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  1. #1
    rshal's Avatar
    rshal Guest

    Default What CCD camera will mount to the Meade LX200?



    Hey, planning on getting the Meade LX200 12” GPS scope and would like
    to do some CCD photography. Anyone know what CCD cameras will work
    with this scope? Also need to make sure I have a camera mount
    (adaptor) to attach to the scope. I’m upgrading from the Meade 8” and
    would like to not spend more than $1000 on the camera.



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  2. #2
    Roger Hamlett's Avatar
    Roger Hamlett Guest

    Default What CCD camera will mount to the Meade LX200?


    "rshal" <robert@hungrylizards-dot-com.no-spam.invalid> wrote in message
    news:40156b19$1_1@127.0.0.1...
    You can mount just about any camera to any scope!. Now that having been
    said, there _are_ some qualifications, but not many!. To use a camera 'prime
    focus', it has to be possible to remove the existing lens (assuming there is
    one), and the focus range of the scope has to be large enough to allow the
    focal plane to be aligned to the the CCD inside the camera. The last is
    pretty easy with an SCT. The former is possible with every 'astronomical'
    CCD, and any 'SLR' type digital camera. Afocal operation, is also possible
    with cameras where you can't remove the lens.
    Basically, I think you have to 'qualify' your question a little. At present,
    it is along the lines of 'I want to use a wheel on this bicycle'...

    Best Wishes



  3. #3
    onegod's Avatar
    onegod Guest

    Default What CCD camera will mount to the Meade LX200?

    I dont think he has to... I think you need to focus your answer with some
    example of good camera in $500-1000 range.


    "Roger Hamlett" <rogerspamignored@ttelmah.demon.co.uk> wrote in message
    news:JleRb.11557$YV1.3208@newsfep4-winn.server.ntli.net...
    'prime
    is
    present,



  4. #4
    Roger Hamlett's Avatar
    Roger Hamlett Guest

    Default What CCD camera will mount to the Meade LX200?


    "onegod" <spamone@msn.com> wrote in message
    news:7reRb.16155$cu6.11540@twister.socal.rr.com...
    Except he says 'CCD camera'. This actually restricts the range to basically
    astronomical CCD's, or to some modified webcams. I _suspect_ he is asking
    what 'non astronomical' digital cameras (as opposed to CCD's) can be used,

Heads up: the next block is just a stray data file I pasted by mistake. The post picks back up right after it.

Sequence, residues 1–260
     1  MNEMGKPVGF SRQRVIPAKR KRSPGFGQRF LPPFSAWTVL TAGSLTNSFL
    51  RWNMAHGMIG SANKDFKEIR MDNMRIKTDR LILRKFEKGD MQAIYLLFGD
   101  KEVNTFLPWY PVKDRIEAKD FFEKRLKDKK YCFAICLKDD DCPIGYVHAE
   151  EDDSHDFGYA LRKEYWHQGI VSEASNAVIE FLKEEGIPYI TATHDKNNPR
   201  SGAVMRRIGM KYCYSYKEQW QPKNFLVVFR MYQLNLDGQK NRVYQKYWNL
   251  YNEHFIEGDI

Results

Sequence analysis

but it is not what he says....

    Best Wishes

    there
    the
    'astronomical'
    possible



  5. #5
    rshal's Avatar
    rshal Guest

    Default More info

    OK, let me word it differently. Currently I have a Meade4 LX90
    reflector scope (8”). Next month I’m going to get the LS200 12”
    scope and would like to do some photography with it. I would like to
    use a CCD camera, mainly because results can be viewed almost
    immediately. I would like a new CCD camera that us under $1000 and
    has resolution around 5 or 6 mexapixels. Also would like to use the
    camera to take regular pictures of whatever. And it would be nice if
    I was able to zoom in/out while connected to the telescope.

    So the question is: What CCD camera would be a good choice to use with
    this telescope?



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  6. #6
    Llanzlan Klazmon The 15th's Avatar
    Llanzlan Klazmon The 15th Guest

    Default More info

    robert@hungrylizards-dot-com.no-spam.invalid (rshal) wrote in
    news:40158713_1@127.0.0.1:


    Depends what you want to photograph. A webcam works just fine for planet
    & moon photo's. If you are talking long exposure deep sky stuff, no
    consumer camera will be of much use. CCD chips require cooling to be of
    any use for long exposure work. 6 Megapixel self cooled camera's are not
    cheap. Take a look at the SBIG or APOGEE (www.sbig.com or www.ccd.com)
    web sites.

    L.




  7. #7
    Roger Hamlett's Avatar
    Roger Hamlett Guest

    Default More info


    "rshal" <robert@hungrylizards-dot-com.no-spam.invalid> wrote in message
    news:40158713_1@127.0.0.1...
    In a sense, you probably have to forget CCD's!...
    99% of current 'digital cameras', don't use CCD's. CCD's have better noise
    behaviour in low light (which makes them great for astronomy), but are more
    expensive/pixel, than 'CMOS' sensors. Hence the consumer digital cameras on
    the market now are allmost entirely CMOS based.
    Starting at the cheapest end:
    1) Webcams. Small sensors, and a few are still CCD based. Cheap. Great for
    planetary imaging. Can be modified, using a variety of electronic/hardware
    mods, to make them even better suited to astronomy. Fully modified versions,
    can match the performance of the best CCD cameras from the early days of CCD
    astronomy, but require a lot of work. Look at www.qcuiag.co.uk, or the
    qcuiag group on yahoo.
    2) Normal digital cameras. These will use CMOS sensors. Cheapest will need
    to be mounted afocally, and in this mode can be 'zoomed'. However this is
    not really a gain (adding a lot more glass to the light path is never a good
    thing...). Most models will only offer relatively short exposures, and noise
    from the sensor will start to degrade the images of anything but relatively
    bright objects. Slightly more expensive models (SLR's), can be mounted for
    prime focus imaging. The Canon models (in particular the 10D), have the
    reputation of possessing the _best_ CMOS sensors in existence, giving noise